When we first moved to Denver as an unmarried couple a few years ago, Mr. Rose and I still fancied ourselves as young and hip and would find ourselves roaming around downtown on weekends, looking for a hot spot to cut some rug. We stumbled upon a very cool space that just didn't live up to expectation on 14th between Market and Larmier, Martini Ranch.
It was filled with young women with bleached blonde hair, wearing barely more than bikinis, tottering around in impossibly high heels, gyrating as seductively as they could for the crowd of men, young and old, who stood on the sidelines, watching intently, tottering drunkenly, and, perhaps, wishing they had enough rhythm to join the ladies on the dance floor. It was a sad, sad place, but everyone there seemed content. For the price of a double, the bartender would always pour a triple, and every person that entered Martini Ranch could reliably expect to exit with permanent hearing damage and promises of a serious hangover the next morning.
Eventually, Martini Ranch shuttered its doors. Perhaps the business model of pouring triples for the price of a double at a seedy dive bar dressed up as an exclusive night club was not sustainable. I don't know. I'm not in the business. And, I am apparently old and judgmental about these places and the people who frequent them anyway.
But then, Euclid Hall came along and filled the void that Martini Ranch had left in the Larimer Square-ish location. Touted as one of the best new restaurants in Denver by 5280 Magazine, I was pretty excited when Skywalker suggested that we try it on Saturday night. This time, I remembered my camera.
menu. I think it could best be placed in the new "gastropub" category of cuisines. My eyes quickly gravitated toward the Crispy Buffalo-Style Pig Ears and Brulee Bone Marrow, probably because I'm Chinese, and Mr. Rose honed in on the Pickle Sampler. We added Fish N Chips to our order, upon the recommendation of our server, and Skywalker chimed in with an order of the Wild Mushroom Poutine.
The pig ears came first. This was my first disappointment of the evening. The little basket of pig ear strips had a mostly hearty crunch (they were, after all, deep-fried), but once my teeth made their way through the unseasoned batter, they met with a mush that I can only guess was the fatty skin of pig ears. Crunchy batter around a mushy nothingness... the overall effect was definitely not what I'd call crispy, which is surprising since pig ears naturally already have a bit of a satisfying crunchy mouth-feel. The buffalo sauce and ranch dressing a la carte were also underwhelming. Not sure how the brilliant idea of crispy buffalo pig ears went wrong, but it did.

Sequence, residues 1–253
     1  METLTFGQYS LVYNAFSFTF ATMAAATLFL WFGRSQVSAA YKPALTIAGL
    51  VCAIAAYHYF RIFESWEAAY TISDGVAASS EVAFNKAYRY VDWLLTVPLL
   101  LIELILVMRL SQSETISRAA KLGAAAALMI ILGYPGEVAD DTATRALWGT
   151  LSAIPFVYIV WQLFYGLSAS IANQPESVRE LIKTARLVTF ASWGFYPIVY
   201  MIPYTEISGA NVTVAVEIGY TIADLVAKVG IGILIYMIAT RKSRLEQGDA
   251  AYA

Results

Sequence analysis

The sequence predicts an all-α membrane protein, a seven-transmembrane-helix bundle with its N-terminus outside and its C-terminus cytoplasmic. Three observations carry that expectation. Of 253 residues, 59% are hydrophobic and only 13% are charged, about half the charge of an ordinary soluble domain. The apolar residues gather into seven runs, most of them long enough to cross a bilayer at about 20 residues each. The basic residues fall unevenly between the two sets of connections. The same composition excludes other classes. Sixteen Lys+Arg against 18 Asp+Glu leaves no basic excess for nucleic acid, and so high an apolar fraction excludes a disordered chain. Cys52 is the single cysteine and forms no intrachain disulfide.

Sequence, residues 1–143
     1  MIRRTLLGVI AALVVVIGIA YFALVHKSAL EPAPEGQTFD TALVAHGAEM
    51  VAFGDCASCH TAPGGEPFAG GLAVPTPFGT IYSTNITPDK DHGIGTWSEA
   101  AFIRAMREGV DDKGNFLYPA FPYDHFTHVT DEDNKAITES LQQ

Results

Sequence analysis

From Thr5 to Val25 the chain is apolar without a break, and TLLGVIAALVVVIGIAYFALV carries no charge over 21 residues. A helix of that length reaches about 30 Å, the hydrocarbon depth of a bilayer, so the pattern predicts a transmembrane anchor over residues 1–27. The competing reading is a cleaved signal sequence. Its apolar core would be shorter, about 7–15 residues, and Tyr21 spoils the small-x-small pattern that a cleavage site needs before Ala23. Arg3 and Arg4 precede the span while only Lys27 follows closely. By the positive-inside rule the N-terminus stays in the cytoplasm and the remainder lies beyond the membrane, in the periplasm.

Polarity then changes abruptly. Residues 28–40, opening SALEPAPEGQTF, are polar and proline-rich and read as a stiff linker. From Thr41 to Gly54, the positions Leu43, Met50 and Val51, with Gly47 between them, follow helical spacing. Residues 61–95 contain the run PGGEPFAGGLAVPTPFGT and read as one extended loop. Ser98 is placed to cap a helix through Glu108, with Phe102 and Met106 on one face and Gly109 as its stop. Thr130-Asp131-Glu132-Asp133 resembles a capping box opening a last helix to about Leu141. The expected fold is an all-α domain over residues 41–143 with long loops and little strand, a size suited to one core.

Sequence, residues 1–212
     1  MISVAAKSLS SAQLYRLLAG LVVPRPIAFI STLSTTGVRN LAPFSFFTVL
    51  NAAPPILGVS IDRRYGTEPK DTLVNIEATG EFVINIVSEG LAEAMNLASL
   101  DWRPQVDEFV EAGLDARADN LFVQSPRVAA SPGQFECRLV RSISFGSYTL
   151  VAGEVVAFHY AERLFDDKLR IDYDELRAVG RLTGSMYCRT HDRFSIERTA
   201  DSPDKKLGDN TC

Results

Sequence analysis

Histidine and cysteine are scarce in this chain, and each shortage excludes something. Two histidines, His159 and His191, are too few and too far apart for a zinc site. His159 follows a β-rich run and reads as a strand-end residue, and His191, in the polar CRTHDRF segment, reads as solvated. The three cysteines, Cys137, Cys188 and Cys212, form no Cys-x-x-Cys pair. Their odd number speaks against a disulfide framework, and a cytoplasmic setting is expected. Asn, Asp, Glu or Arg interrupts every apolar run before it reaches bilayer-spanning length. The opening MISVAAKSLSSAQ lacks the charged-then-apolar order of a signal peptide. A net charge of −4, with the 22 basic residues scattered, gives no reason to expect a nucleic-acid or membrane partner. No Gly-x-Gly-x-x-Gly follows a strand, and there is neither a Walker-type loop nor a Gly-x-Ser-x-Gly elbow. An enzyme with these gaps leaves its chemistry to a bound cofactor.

Next up was the bruleed bone marrow. The portion of actual marrow was small, maybe a teaspoon. As with the pig ear batter, it was under-seasoned, but the marrow was rich enough that it was not entirely flat. The slivered onions and sweet sherry reduction hidden under the bone went a long way to helping this dish. Unfortunately, as the sherry reduction was hidden, I didn't discover it till the very end, when I was pushing the bone around the plate, wishing there were more than a diminutive bite of marrow in it.
The fish and chips were unremarkable. I expected there to be something amazing about this dish, since our server especially recommended it as a "definite must-have." True, it was perfectly cooked, but it's the least I'd expect considering the pedigree of Euclid Hall. Also true that it was served with a dark malt vinegar gastrique and lemon tarragon ailoi, but these sauces did not elevate the fish'n'chips to anything I would have called a "must-have." It seems our server had a way with hyperbole.
In addition to being Chinese, I am also Canadian. And I went to school in Quebec. So it's difficult to pass up a poutine when I see it on a menu. Skywalker was a poutine virgin and I was thrilled to be present during the popping of another culinary cherry. But here's a poutine I wished we hadn't ordered. This poutine is the reason poutine has a bad reputation of being a foul sludge that clogs the arteries; actually, it's always been true that poutine will clog your arteries, but it's never a foul sludge. C'mon! It's french fries, cheese curds, and gravy! That screams delicious(!), not "foul sludge." But Euclid Hall managed to take it to that level. They were skimpy on the cheese, without enough to create the trail of melted cheese strings one expects as one pulls each french fry away from the pile. I could have overlooked this transgression if they'd gotten the gravy right. As a mycophile, I applaud the idea of making a mushroom gravy. But the "gravy" was a lumpy mushroom puree, a sorry failure in the execution of mushroom gravy. Don't just take my word for it. See the lumpy, amorphous tan blanket over a pile of fries below.
It's difficult to say that Euclid Hall was a negative dining experience because it truly did have a vibrant and inviting atmosphere. Couple that with the fact that it was created by one of Denver's favorite chef-restauranteurs -- we really wanted to love it. But it just didn't live up to the hype.
Well, at least it's better than Martini Ranch.